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Hong Kong 1997 handover: How the UK returned HK to China

Credit: TomoNews US
Published on July 3, 2019 - Duration: 02:41s

Hong Kong 1997 handover: How the UK returned HK to China

HONG KONG — July 1, 2019 marks the 22nd anniversary of Hong Kong's return to Chinese rule.

Here's everything you need to know about the handover.

The South China Morning Post reports that China ceded Hong Kong Island to Britain in 1842, and Kowloon in 1860, ending the First and Second Opium Wars, respectively.

In 1898, Britain leased the New Territories for a period of 99 years to better enforce control on the area.

Over the course of those years, Hong Kong became a major financial and business hub, different both politically and economically from China, which came under Communist rule in 1949.

June 30, 1997 marked the end of British colonial rule in Hong Kong, as the Chinese sovereignty resumed sovereignty at midnight on July 1.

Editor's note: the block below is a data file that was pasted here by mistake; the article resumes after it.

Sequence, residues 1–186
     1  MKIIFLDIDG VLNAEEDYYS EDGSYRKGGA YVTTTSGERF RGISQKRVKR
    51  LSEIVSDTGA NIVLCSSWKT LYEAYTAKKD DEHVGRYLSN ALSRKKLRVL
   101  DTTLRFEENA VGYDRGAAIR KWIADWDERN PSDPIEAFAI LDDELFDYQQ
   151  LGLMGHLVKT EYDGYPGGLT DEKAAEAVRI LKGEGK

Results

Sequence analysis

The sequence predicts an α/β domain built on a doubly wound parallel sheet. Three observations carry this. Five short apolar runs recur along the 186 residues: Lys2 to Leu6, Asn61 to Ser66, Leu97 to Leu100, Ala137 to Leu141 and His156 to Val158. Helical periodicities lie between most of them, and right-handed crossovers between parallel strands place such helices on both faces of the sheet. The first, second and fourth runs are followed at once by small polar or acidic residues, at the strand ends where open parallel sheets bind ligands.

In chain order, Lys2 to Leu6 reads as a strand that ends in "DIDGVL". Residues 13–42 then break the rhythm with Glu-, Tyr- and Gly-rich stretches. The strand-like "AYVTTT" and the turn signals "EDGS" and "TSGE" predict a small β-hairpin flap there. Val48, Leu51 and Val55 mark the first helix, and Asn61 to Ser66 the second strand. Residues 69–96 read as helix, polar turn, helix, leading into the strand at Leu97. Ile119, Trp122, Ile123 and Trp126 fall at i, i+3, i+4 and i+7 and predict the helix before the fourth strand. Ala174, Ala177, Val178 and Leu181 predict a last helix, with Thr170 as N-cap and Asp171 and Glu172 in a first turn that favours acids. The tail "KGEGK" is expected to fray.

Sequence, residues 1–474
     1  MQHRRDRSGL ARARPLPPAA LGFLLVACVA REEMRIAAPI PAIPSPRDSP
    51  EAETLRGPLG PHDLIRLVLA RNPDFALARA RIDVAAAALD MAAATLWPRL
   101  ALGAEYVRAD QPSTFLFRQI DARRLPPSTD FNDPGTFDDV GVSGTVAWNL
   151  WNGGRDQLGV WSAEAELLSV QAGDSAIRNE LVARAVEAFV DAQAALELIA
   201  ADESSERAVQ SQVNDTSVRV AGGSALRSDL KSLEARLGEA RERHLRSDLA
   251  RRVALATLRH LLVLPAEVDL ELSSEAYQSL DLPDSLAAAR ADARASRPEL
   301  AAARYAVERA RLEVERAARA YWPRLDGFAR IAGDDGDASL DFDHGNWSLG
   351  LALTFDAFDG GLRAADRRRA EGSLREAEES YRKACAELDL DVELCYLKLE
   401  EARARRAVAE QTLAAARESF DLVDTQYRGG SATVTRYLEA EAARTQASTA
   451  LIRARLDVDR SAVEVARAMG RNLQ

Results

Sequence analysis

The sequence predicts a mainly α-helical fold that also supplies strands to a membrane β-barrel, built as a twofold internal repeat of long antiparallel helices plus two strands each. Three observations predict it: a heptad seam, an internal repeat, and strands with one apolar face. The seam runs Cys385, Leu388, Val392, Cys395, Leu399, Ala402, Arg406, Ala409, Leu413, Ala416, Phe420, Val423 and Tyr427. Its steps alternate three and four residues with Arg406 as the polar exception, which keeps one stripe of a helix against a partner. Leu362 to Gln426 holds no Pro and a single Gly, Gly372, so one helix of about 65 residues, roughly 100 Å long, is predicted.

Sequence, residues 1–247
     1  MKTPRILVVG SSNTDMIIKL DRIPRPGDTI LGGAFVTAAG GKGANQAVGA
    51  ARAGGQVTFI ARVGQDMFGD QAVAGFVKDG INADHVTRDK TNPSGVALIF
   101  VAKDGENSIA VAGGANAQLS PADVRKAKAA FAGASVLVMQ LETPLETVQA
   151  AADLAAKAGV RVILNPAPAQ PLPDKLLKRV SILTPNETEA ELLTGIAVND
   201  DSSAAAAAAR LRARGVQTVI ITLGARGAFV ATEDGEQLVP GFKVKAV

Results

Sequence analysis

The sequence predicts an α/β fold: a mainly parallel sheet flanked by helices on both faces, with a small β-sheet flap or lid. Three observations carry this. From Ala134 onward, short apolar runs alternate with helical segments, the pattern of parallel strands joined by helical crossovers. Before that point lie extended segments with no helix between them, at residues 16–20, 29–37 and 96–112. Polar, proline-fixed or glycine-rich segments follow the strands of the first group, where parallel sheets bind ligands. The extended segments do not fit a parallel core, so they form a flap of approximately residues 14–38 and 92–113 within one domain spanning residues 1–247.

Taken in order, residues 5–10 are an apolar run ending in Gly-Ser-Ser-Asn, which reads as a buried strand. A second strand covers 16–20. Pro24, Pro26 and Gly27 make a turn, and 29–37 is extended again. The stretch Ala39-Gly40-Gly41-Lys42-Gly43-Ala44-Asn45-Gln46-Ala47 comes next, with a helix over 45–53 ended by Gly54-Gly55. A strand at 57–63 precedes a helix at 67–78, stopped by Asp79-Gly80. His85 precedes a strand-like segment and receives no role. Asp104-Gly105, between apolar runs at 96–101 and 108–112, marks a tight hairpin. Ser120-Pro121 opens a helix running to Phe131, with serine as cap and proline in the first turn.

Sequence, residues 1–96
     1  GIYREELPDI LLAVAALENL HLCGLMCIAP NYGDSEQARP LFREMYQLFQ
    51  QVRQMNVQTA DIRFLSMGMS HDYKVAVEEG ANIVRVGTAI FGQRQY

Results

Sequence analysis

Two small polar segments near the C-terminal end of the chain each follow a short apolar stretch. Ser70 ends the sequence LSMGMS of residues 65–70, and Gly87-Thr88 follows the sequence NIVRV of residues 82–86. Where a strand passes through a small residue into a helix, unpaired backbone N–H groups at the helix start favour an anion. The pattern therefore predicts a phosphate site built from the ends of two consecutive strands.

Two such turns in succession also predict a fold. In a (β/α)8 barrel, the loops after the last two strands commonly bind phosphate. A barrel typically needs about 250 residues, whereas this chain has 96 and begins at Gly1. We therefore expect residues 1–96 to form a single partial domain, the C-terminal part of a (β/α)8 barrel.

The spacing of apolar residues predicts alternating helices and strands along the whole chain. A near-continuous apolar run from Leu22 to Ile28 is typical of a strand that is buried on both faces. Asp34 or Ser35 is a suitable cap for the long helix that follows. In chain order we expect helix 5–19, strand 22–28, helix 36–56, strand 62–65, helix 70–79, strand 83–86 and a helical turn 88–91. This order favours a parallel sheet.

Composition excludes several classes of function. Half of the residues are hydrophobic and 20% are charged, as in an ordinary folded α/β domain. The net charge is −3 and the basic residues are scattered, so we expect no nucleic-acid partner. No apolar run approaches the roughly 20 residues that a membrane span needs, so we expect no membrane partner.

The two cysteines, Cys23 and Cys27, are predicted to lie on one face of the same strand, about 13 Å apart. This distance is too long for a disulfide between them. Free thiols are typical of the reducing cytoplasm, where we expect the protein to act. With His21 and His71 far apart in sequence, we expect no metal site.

Beijing agreed to rule the city under the 'one country, two systems' principle for the next 50 years, turning Hong Kong into a Special Administrative Region with its own legal and political system, rights, and a constitution known as the Basic Law.

Hong Kong's leader, the Chief Executive, is elected by a 1,200-member election committee.

In the Legislative Council, half the representatives are elected, while half are chosen by professional or special interest groups.

According to the BBC, many felt that the election process gave China the ability to screen out candidates it disapproves of.

Dissatisfaction intensified in August 2014 after Beijing rejected calls for open nominations of the next Chief Executive, ultimately culminating in the Umbrella protests.

China's 50-year-deal with Hong Kong will end in 2047, and while some have called for full independence, Beijing has said this is not an option.

There are three likely scenarios: first, China extends the deal allowing Hong Kong its autonomy and Basic Law; second, China allows some of the current privileges, but not all, and third, Hong Kong loses its special status, and becomes just like any other Chinese province.

But unlike its older residents, Hong Kong's increasingly politicized younger generation aren't ones to kowtow to China.

So an intense political struggle is likely in the city's future.

And if the recent extradition bill protests tells us anything, it's that Hong Kongers won't go down without a fight.

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